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I have an old black-lettered History of lord Faulconbridge, whence Shakspere might pick up this circum
FARMER. 5. By this brave duke came early to his grave :] The old play led Shakspere into this error of ascribing to the duke of Austria the death of Richard, who lost his life at the siege of Chaluz, long after he had been ransom'd out of Austria's power. STEEVENS. 7. At our importance -) At our importunity.
JOHNSON. 23. --that pale, that white-fac'd shore,] England is supposed to be called Albion from the white rocks facing France.
JOHNSON. 34. To make a more requital, &c.] I believe it has been already observed, that more signified in our author's time, greater.
STEEVENS. 40. To cull the plots of best advantages :] i. e, to mark such stations as might most overawe the town.
HENLEY. 50. A wonder, lady! -] The wonder is only that Chatillon happened to arrive at the moment when Constance nientioned him ; which the French king, according to a superstition which prevails more or less in every mind agitated by great affairs, turns into a miraculous interposition, or omen of good.
JOHNSON, 60. --expedient-] Immediate, expeditious.
JOHNSON. 63. An Até, stirring him, &c.] Até was the Goddess of Revenge. The player-editors read-ar Ace.
This image might have been borrowed from the celebrated libel, called, Leicester's Commonwealth, origi. nally published about the year 1584.
She standeth like a fiend or fury at the elbow of her Amadis, to stirre him forward when occasion shall serve."
Steevens. 65. With them a bastard of the king deceas'd :). This line, except the word with, is borrowed from the old play of King John, already mentioned. MALONE.
70. Bearing their birth-rights, &c.] So, King Henry VIII.
Many broke their backs with bearing manors on them."
JOHNSON. 73.. Than now the English bottoms have waft o'er-] Waft for wafted. So, again in this play:
“ The iron of itself, though heat red hot-" i. e. heated.
STEEVENS. 75. scath -] Destruction, harm.
JOHNSON. 95. -under-wrought---] i.e. underworked, underinined.
STEVENS. 114. To look into the blots and stains of right.] Mr. Theobald reads, with the first folio, blots, which being so early authorised, and so much better understood, needed not to have been changed by Dr. Warburton to bolts, though bolts might be used in that time for spots : so Shakspere calls Banquo “ spotted with blood, the blood-bolter'd Banquo." The verb to blot is used figuratively for to disgrace a few lines lower. And,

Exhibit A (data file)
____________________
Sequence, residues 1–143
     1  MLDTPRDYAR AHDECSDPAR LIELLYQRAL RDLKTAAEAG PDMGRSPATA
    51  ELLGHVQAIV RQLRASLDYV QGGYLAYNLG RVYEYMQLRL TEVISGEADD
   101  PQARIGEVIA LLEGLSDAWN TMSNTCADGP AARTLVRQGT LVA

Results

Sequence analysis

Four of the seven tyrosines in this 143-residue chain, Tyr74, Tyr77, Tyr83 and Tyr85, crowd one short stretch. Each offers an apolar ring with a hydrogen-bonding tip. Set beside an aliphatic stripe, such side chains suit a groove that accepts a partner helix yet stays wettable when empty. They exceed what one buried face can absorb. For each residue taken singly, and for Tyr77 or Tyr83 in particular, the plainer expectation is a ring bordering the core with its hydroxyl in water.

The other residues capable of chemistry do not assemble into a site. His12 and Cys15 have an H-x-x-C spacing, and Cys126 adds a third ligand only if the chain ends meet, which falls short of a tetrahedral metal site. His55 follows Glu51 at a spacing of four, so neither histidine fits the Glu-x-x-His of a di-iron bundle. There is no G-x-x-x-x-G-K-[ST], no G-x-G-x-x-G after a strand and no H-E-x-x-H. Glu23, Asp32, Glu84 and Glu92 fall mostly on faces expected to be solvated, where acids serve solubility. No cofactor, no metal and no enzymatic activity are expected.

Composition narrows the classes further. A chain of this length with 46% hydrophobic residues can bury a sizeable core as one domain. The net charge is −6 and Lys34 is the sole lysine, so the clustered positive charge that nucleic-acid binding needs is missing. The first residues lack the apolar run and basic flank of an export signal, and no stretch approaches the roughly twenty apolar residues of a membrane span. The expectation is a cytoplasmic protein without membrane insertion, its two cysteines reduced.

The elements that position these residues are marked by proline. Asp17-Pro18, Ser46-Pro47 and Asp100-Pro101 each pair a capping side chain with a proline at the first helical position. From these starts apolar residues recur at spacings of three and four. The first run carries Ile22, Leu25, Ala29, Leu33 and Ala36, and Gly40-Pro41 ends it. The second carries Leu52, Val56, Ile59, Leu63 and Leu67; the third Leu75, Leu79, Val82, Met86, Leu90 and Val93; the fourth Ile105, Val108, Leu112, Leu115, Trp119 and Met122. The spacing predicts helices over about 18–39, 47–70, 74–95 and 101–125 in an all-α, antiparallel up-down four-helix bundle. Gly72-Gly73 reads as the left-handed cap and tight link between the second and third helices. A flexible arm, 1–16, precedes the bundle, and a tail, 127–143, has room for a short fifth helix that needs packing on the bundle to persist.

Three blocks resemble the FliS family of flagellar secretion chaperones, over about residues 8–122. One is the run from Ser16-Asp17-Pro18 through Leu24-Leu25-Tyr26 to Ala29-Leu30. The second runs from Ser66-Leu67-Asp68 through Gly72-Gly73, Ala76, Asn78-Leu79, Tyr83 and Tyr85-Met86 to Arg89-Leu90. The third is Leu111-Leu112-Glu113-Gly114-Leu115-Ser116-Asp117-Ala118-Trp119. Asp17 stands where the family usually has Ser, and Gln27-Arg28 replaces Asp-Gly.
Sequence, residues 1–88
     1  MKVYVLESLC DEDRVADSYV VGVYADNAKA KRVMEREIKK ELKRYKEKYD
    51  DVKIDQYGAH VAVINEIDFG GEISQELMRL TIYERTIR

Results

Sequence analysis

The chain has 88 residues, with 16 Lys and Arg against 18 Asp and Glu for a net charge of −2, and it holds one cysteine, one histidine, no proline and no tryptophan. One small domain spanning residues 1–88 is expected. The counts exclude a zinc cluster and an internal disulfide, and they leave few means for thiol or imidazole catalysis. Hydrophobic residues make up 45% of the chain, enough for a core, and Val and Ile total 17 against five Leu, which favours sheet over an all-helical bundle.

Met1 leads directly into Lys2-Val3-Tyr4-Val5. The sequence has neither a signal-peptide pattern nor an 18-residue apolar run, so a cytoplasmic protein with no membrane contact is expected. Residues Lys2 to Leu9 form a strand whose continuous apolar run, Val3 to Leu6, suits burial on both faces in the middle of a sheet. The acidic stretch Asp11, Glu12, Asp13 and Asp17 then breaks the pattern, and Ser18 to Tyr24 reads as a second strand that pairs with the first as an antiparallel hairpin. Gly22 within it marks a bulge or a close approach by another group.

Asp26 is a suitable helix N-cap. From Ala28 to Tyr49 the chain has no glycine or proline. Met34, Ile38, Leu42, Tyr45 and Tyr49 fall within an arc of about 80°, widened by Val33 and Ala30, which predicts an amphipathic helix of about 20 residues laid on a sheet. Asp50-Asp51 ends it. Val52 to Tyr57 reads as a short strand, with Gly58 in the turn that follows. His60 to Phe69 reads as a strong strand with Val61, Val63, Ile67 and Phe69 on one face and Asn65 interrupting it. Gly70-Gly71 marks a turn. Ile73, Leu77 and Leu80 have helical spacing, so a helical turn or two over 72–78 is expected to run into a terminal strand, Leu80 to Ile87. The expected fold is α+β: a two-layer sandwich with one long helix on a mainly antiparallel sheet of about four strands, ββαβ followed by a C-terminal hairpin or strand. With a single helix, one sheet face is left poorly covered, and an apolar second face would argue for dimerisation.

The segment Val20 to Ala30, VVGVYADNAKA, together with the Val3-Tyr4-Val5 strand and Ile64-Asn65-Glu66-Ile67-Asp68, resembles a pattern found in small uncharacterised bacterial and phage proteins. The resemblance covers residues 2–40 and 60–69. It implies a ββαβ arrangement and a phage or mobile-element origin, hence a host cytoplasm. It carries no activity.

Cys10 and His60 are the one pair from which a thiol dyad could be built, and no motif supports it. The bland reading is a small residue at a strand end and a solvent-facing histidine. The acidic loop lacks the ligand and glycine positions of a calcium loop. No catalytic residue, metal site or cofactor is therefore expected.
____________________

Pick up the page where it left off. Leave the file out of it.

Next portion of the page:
perhaps, after all, bolts was only a typographical mis. take.
JOHNSON Blot is certainly right. The illegitimate branch of a family always carried the arms of it with what, in an. cient heraldry, was called a blot or difference. So, in Drayton's Epistle from Q. Isabel to K. Richard II. “ No bastard's mark doth blot his conq'ring
shield.” Blots and stains occur again together in the first scene of the third act.
STEEVENS. It is common to say of a person who hath disgraced himself by a base action, that it is a blot in his scatcheon.
139. You are the hare,---] So, in the Spanish Tragedy:
“ He hunted well that was a lion's death;
STEEVENS. 145. lilies as sightly on the back of him,
As great Alcides' shoes upon an ass: -] The shoes of Hercules are more than once introduced in the old comedies on much the same occasions. So, in The Isle of Gulls, by J. Day, 1606 :
-are as fit, as Hercules's shoe for the foot of a
pigmy." Again, in Greene's Epistle Dedicatory to Perimedes the Blacksmith, 1588: " -and so lest I should shape Hercules' shoe for a child's foot, I commend your wor. ship to the Almighty," Again, in Greene's Penelope's
Web, 1601: I will not make a long harvest for a small crop, nor go about to pull a Hercules' shoe on Achilles' foot.' Again, ibid.
" Hercules' shoe will never serve a child's foot." Again, in Stephen Gosson's School of Abuse, 1579 : " —to draw the lyon's skin upon Æsop's asse, or Hercules' shoes on a childes feete."
STEEVENS. 151. King Lewis,–] Thus the folio. The modern editors read-Philip, which appears to be right. It is however, observable, that the answer is given in the old copy to Lewis, as if the dauphin, who was afterwards Lewis VIII. was meant to have been the speaker. The speech itself, indeed, seems appropriated to the king, and nothing can be inferred from the folio with any certainty, but that the editors of it were careless and ignorant.
STEEVENS. 171. Now shame upon you whe'r she does or no.] Wher for whether. See note on Julius Cæsar.
MALONE. 188. I have but this to say
That he's not only plagued for her sin,
But, &c.] This passage appears to me very obscure. The chief difficulty arises from this, that Constance having told Elinor of her sin-conceiving womb, pursues the thought, and uses sin through the next lines in an ambiguous sense, sometimes for crime, and sometimes for offspring.
He's not only plagued for her sin, &c. He is not only made miserable by vengeance for her sin or crime; but her sin, her offspring, and she, are made the instru
ments of that vengeance on this descendant; who, though of the second generation, is plagued for her and with her ; to whom she is not only the cause but the instrument of evil.
The next clause is more perplexed. All the editions read,
-plagu'd for her,
All punish'd in the person of this child.
-plagu'd for her
Her injury, the beadle to her sin. That is, instead of inflicting vengeance on this innocent and remote descendant, punish her son, her immediate offspring: then the affliction will fall where it is deserved ; his injury will be her injury, and the misery of her sin; her son will be a beadle, or chastiser, to her crimes, which are now all punish'd in the person of this child.
JOHNSON. Mr. Roderick reads,
-plagu'd for her,
And with her plagu’d; her sin, his injury.
this I have to say,
for her ;